Medieval Florence - Republic of Florence
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Florence

Palazzo Vecchio, Florence
Palazzo Vecchio in Florence (1299 AD):
the town hall of medieval Florence

When the last of the Carolingian Holy Roman Emperors died in 924 AD, northern Italy - including Florence and nearby Genoa - fell under the power of the Counts of Canossa: first Boniface III, then his daughter Matilda. Florence did very well under their rule: in 1059, Florence was able to rebuild its Christian baptistry in a beautiful Romanesque style. When Matilda died without children in 1115 AD, Florence became independent, and established a republican system of government where many men (though not women) had some voting rights.

Most of the 1200s in Florence saw intense fighting between two rival political groups, the Guelphs and the Ghibellines. The poet Dante was exiled from Florence for being a Guelph. In the late 1200s, Florence began building a big new cathedral, though various problems made it take a long time to build.

Florence did better after Genoa defeated Pisa, very near Florence and a major rival, in 1284 AD. In 1293, Florence's government passed new laws protecting the rights of the citizens.

Like most other cities in Eurasia, Florence suffered terribly from the bubonic plague of 1348. The writer Boccaccio, for instance, lost his step-mother and many friends. By the end of the 1300s, most of the power fell into the hands of a few rich families like the Medici. Florence did well. In 1406, with Genoa losing control of its possessions, Florence got control of Pisa. But a lot of people were angry about losing their political power.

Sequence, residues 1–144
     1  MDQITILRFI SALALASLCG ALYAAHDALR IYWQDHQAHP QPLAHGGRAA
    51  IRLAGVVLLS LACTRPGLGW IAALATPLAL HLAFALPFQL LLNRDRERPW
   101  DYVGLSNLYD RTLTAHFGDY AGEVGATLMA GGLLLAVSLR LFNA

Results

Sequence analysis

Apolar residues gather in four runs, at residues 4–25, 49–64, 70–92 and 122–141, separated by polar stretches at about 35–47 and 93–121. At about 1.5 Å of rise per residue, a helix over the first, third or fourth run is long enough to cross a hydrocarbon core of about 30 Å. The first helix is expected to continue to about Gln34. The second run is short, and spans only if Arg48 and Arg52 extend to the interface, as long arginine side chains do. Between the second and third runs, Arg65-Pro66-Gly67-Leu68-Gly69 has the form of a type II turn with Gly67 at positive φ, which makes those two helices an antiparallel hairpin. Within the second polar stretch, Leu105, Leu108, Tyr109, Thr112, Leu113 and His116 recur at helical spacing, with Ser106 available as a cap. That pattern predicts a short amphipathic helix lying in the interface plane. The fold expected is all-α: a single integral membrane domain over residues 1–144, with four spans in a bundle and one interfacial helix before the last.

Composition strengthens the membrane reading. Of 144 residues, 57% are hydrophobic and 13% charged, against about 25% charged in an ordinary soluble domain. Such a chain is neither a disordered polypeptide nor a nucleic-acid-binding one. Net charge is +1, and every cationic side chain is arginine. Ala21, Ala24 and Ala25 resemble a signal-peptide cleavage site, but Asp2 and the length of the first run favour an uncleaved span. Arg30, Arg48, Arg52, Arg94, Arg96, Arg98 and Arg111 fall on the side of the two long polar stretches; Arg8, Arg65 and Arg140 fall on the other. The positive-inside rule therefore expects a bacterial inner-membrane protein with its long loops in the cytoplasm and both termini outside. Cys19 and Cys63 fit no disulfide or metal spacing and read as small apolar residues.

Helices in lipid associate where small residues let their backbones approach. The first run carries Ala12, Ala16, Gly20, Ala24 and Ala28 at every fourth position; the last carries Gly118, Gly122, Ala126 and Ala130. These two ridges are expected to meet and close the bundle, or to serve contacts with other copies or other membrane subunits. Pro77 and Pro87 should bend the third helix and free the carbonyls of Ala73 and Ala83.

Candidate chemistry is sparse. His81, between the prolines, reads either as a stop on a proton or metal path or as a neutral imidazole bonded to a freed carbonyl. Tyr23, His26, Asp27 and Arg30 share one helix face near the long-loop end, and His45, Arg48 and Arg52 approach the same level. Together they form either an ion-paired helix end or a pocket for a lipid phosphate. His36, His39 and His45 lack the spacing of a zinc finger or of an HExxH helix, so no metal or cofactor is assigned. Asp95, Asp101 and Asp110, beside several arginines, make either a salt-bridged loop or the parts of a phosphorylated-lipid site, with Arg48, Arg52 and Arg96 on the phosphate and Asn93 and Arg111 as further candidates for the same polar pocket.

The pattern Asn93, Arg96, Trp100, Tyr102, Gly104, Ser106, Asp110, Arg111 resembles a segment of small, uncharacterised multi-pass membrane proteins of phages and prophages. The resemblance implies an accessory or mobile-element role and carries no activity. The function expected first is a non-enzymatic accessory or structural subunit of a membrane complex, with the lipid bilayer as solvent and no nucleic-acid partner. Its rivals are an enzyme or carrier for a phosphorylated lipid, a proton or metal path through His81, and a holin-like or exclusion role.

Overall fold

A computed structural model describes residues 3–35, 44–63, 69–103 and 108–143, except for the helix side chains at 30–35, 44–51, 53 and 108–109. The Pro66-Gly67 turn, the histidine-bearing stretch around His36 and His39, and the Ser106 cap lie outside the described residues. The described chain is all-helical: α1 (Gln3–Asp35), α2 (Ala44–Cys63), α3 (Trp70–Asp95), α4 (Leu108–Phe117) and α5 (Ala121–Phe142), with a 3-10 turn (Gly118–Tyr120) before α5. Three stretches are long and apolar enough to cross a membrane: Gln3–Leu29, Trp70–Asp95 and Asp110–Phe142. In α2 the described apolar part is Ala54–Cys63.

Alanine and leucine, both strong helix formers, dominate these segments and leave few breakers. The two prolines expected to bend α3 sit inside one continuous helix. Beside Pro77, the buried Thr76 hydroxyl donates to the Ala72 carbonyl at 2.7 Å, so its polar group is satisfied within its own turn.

Late Medieval Florence

Bibliography and further reading about the history of Florence:

Late Medieval Florence
High Medieval Italy
Late medieval Italy
Medieval Europe
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Karen Carr is Associate Professor Emerita, Department of History, Portland State University. She holds a doctorate in Classical Art and Archaeology from the University of Michigan. Follow her on Instagram, Pinterest, or Twitter, or buy her book, Vandals to Visigoths.
Karen Carr is Associate Professor Emerita, Department of History, Portland State University. She holds a doctorate in Classical Art and Archaeology from the University of Michigan. Follow her on Instagram or Twitter, or buy her book, Vandals to Visigoths.
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